Quality matters.

I am a carpenter, a luthier, a musician, a guitar technician, and a perfectionist. When it comes to woodworking and music, quality matters to me. Details matter.

Each plectrum is shaped and sanded by hand and finished with a high quality oil varnish that will protect the wood from wear, dirt, and sweat. These picks—though nice to look at—aren't just for show. They're meant for playing. They're made by a musician for fellow musicians who are serious about their sound and know what they want, and for those still searching for their sound. This is also why my picks are a far better gift for a guitarist or a bass player than other wooden picks that are primarily made to be used as a necklace; my picks are specifically designed for playing!

The material, size and shape of the guitar pick you're using has as much—if not more—of an effect on the sound as the pickups and the amp, not to mention the huge effect it has on playing comfort. We all have different hands and different ways of holding the pick, so I think it's very important to spend some time finding the pick that feels the most comfortable to you.

I started making wooden guitar picks back in 2013 because the picks I wanted to use didn't exist. I had tried the wooden guitar picks that were available, but I wasn't impressed by the quality and didn't find any Jazz III-shaped picks, so I started making my own.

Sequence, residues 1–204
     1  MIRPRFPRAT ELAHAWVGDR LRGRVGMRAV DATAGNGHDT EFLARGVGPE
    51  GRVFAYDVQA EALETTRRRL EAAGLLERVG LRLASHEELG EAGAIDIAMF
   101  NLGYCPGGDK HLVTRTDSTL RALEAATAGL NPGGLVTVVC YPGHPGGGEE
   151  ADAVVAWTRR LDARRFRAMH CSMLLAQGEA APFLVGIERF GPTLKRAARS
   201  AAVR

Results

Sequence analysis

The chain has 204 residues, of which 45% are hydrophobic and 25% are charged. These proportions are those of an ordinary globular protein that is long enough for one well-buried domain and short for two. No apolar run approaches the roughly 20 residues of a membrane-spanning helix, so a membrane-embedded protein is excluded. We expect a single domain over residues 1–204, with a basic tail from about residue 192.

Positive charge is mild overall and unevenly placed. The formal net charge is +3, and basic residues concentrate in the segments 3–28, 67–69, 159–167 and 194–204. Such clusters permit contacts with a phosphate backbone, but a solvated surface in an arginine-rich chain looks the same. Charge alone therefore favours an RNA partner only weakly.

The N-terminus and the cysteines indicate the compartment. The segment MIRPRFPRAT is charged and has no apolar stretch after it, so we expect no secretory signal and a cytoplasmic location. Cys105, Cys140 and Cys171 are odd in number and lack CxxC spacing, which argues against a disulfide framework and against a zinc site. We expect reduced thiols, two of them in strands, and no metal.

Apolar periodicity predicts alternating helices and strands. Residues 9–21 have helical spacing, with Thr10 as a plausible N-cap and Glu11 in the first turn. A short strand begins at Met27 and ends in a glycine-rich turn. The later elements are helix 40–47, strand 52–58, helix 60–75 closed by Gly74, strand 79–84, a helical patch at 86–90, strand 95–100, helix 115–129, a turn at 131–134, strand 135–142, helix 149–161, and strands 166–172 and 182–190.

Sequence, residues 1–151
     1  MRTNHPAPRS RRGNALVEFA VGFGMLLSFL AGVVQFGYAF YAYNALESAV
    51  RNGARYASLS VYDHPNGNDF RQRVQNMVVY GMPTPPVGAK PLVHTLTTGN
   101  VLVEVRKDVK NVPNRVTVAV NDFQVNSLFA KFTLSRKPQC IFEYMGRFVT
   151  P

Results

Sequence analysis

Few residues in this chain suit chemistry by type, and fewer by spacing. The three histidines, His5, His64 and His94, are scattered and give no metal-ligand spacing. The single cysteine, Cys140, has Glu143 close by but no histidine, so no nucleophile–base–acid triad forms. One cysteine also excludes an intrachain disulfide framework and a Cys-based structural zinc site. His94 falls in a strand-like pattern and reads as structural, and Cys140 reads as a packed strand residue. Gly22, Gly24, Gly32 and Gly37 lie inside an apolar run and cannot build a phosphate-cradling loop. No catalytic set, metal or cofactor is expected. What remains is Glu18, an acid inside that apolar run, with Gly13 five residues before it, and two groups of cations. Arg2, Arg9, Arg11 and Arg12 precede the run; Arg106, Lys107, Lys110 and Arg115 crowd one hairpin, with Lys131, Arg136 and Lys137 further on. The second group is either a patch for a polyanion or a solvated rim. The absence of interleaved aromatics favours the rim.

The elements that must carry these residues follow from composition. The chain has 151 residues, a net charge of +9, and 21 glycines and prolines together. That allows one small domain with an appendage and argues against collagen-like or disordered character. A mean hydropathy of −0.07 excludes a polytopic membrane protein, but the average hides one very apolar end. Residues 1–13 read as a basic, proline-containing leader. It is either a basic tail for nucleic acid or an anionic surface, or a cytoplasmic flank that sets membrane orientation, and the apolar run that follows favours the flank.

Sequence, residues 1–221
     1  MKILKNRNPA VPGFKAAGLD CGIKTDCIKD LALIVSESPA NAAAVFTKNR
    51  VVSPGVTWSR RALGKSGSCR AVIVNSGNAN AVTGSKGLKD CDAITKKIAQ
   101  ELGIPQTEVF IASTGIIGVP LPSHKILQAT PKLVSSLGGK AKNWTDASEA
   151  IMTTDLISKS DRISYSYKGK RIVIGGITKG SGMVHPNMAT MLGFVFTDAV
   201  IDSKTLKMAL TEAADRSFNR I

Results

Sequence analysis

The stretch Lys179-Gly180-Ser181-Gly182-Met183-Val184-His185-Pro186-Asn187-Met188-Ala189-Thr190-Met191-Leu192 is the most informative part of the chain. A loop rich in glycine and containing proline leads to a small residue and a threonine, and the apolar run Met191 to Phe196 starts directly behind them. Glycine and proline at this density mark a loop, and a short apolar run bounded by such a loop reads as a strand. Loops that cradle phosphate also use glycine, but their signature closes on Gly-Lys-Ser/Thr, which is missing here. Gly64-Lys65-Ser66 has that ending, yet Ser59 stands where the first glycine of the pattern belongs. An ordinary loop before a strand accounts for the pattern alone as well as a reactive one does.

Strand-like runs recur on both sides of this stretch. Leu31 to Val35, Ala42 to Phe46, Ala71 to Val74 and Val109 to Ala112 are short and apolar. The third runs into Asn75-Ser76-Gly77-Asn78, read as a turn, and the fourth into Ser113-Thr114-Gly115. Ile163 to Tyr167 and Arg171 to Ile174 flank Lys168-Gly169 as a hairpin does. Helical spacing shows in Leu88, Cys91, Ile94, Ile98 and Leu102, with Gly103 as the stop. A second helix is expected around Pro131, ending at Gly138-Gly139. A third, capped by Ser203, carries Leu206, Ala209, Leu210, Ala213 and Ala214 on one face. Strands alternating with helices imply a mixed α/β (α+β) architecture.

Again, quality matters to me. It's something I feel strongly about. I can't bring myself to sell a hastily-made, poor quality product. I think it's dishonest. So, when I started looking into what other options were available when it comes to wooden guitar picks, I was genuinely shocked by the obvious disregard for quality standards. The thickness of the picks had not been considered at all (so they are likely to break), the were only roughly and inconsistently shaped using a belt sander, they had no protective finish on them... The picks were, from my point of view, unfinished; the process of these pick manufacturers stops when my process is only halfway through. Considering the price of some of those wooden picks and their deceitful marketing, it didn't seem fair to me.

I love wooden picks and think that all guitarists and bassists should at least try them. It really bothered me to think that people's first experience of wooden picks would probably be something that is poorly made and overpriced. If your first wooden guitar pick breaks when you're playing or feels uncomfortable, you're probably not going to try another one, and it's perfectly understandable! I always make sure every pick I sell is up to my own high standards because I want you to get the best guitar picks in the world to help shape your sound.     

Because I want to believe that quality still matters.